Coconut skipper as a pest explained

Coconut skipper as a pest explained
If coconut trees sway in your neighbourhood, it's essential to keep them healthy and thriving. Let's talk about two sneaky troublemakers: Gangara thyrsis and Suastus gremius, also known as the Coconut Skippers. These pests might be tiny, but they can cause big problems by munching on coconut tree leaves.
Gangara thyrsis larvae are pale green with reddish markings, while Suastus gremius larvae are smooth and green, tapering at both ends. These critters hide within their leafy homes, making it hard to spot them. But don't worry, we've got ways to deal with them!

What to Watch For
Notice any leaflet tips curling up? Or maybe half of a leaflet looks like it's been snipped and rolled into a mini sleeping bag? That's your signal that these pests might be up to no good!
Picture this: sneaky caterpillars making cosy homes out of your coconut palm leaves, munching away from the inside and leaving behind just the skeleton-like ribs.


The grown-up butterfly is about 80 mm wide and has brownish wings with six bright yellow spots on the front.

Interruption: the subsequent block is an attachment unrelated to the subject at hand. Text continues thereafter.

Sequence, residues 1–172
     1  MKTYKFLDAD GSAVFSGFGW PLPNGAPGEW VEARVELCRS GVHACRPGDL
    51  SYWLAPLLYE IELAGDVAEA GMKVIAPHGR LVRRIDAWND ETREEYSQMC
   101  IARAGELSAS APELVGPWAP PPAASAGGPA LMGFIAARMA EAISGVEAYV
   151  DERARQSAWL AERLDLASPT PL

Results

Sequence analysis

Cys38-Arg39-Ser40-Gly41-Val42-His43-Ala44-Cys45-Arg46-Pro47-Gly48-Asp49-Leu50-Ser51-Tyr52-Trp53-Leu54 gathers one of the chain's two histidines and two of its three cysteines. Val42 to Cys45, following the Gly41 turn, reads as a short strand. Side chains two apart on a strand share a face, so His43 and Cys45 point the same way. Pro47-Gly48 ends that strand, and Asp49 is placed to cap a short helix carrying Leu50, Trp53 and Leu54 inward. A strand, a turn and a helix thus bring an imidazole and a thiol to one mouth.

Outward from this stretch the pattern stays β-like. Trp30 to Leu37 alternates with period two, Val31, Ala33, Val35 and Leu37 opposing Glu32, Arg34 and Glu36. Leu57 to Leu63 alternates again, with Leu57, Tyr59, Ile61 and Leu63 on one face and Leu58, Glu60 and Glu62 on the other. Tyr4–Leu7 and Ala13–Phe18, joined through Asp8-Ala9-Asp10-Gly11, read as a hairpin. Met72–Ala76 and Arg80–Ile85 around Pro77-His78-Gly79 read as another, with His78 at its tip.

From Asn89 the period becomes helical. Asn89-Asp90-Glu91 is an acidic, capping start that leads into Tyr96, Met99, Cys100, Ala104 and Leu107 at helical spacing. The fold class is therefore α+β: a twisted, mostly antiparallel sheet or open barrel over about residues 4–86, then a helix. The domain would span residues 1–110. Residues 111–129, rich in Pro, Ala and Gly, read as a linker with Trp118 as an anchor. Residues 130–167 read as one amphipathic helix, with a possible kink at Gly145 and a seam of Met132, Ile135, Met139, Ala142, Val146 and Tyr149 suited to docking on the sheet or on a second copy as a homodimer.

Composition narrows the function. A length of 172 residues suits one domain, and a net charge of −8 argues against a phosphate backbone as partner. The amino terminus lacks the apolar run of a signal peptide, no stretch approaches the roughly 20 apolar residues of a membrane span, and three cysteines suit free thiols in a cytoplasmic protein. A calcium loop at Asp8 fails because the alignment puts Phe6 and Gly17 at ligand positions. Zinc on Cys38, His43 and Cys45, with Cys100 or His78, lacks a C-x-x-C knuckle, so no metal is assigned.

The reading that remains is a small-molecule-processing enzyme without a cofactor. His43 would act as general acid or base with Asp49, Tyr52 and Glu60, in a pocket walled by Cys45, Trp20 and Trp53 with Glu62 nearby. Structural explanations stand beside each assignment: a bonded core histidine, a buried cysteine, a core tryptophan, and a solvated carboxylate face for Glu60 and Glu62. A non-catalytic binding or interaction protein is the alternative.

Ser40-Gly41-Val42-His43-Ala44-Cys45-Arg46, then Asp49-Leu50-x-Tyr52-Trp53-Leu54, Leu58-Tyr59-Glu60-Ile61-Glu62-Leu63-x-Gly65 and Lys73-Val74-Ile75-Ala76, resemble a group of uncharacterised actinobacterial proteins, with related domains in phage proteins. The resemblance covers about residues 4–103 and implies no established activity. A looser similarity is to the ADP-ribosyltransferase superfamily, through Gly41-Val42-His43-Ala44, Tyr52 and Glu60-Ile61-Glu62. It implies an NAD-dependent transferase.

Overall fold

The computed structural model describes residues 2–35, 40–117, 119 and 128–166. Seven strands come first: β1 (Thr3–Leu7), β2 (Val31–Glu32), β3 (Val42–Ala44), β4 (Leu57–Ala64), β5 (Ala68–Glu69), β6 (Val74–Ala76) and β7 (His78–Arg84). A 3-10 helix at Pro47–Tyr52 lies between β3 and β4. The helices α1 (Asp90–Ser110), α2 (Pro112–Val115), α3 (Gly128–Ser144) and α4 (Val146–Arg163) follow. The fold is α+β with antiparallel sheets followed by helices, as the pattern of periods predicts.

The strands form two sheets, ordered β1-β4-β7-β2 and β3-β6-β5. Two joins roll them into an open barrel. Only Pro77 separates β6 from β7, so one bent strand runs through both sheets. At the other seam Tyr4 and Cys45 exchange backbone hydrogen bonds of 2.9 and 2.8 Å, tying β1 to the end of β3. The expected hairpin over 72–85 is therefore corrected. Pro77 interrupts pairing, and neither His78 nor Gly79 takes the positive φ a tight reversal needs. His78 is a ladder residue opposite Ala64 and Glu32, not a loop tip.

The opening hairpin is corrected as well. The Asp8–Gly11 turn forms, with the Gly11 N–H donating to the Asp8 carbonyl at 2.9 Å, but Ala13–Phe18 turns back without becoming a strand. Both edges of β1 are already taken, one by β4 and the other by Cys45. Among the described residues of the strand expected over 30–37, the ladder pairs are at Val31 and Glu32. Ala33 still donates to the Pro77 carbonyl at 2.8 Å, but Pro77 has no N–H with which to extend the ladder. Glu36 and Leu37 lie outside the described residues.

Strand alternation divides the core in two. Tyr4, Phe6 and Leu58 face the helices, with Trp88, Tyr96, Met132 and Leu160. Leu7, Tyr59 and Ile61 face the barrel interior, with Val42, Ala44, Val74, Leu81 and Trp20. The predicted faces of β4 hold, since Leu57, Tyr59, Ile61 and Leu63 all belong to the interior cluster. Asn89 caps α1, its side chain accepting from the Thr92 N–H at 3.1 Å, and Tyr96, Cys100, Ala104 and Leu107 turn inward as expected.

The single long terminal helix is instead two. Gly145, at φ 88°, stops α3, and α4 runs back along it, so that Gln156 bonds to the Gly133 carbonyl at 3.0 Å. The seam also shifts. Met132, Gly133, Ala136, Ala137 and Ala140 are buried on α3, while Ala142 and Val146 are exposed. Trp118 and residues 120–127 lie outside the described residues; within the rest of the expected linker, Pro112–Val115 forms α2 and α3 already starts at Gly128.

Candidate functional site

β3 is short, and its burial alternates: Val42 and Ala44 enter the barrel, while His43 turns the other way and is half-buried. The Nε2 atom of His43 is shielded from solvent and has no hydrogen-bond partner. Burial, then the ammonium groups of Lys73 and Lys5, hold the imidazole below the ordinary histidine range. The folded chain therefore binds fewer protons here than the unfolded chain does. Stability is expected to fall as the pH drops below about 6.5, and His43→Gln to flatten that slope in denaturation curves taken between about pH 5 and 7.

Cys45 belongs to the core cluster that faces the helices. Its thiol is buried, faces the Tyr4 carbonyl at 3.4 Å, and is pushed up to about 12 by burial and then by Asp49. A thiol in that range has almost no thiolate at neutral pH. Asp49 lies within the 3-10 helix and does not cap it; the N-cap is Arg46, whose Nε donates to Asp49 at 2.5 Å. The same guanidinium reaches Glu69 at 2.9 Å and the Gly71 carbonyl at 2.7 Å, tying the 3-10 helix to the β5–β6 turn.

When it's time to make babies, the butterfly lays its eggs in weird bunches, like little surprises hidden in the leaves. After about a week, these eggs hatch, bringing tiny caterpillars into the world.
These little critters are like nature's ninjas, dressed in pale green with subtle red markings and covered in a shield of white waxy stuff. For around 35 days, they quietly chow down on their leafy buffet, growing up safe and sound in their leafy hideouts.

But when it's time for a change, they transform inside their leafy homes for about 10 days, emerging as beautiful butterflies ready to spread their wings and explore the world, leaving behind their leafy shelters as reminders of their journey.

Spotting the Trouble Makers
Gangara Thyrsis
Baby Bugs (Lara): They're kind of pale green with reddish marks and coated in this white waxy stuff.

Grown-ups (Adults): A butterfly with chocolate brown wings and yellow spots!
The Giant Redeye butterfly is distinguished by its large wine-red eyes and dark chocolate-brown colouration, marked with three large and three small yellow spots on its forewings. Both males and females look the same. It possesses the longest proboscis among butterflies in peninsular India, uniquely curved and extending beyond its body length, allowing it to extract nectar from the deepest flowers.

Lifecycle of the Giant Redeye Butterfly

The female Giant Redeye butterfly lays eggs one at a time on palm leaves, mostly in sunny spots. After hatching, the larva stays on the same leaf, making folds for protection. It moves to new leaves as it grows, creating tunnels for feeding. By the fourth stage, it secretes a white powder for protection and feeds voraciously on young leaves. Finally, it stops feeding to prepare for pupation, remaining on the same plant until then.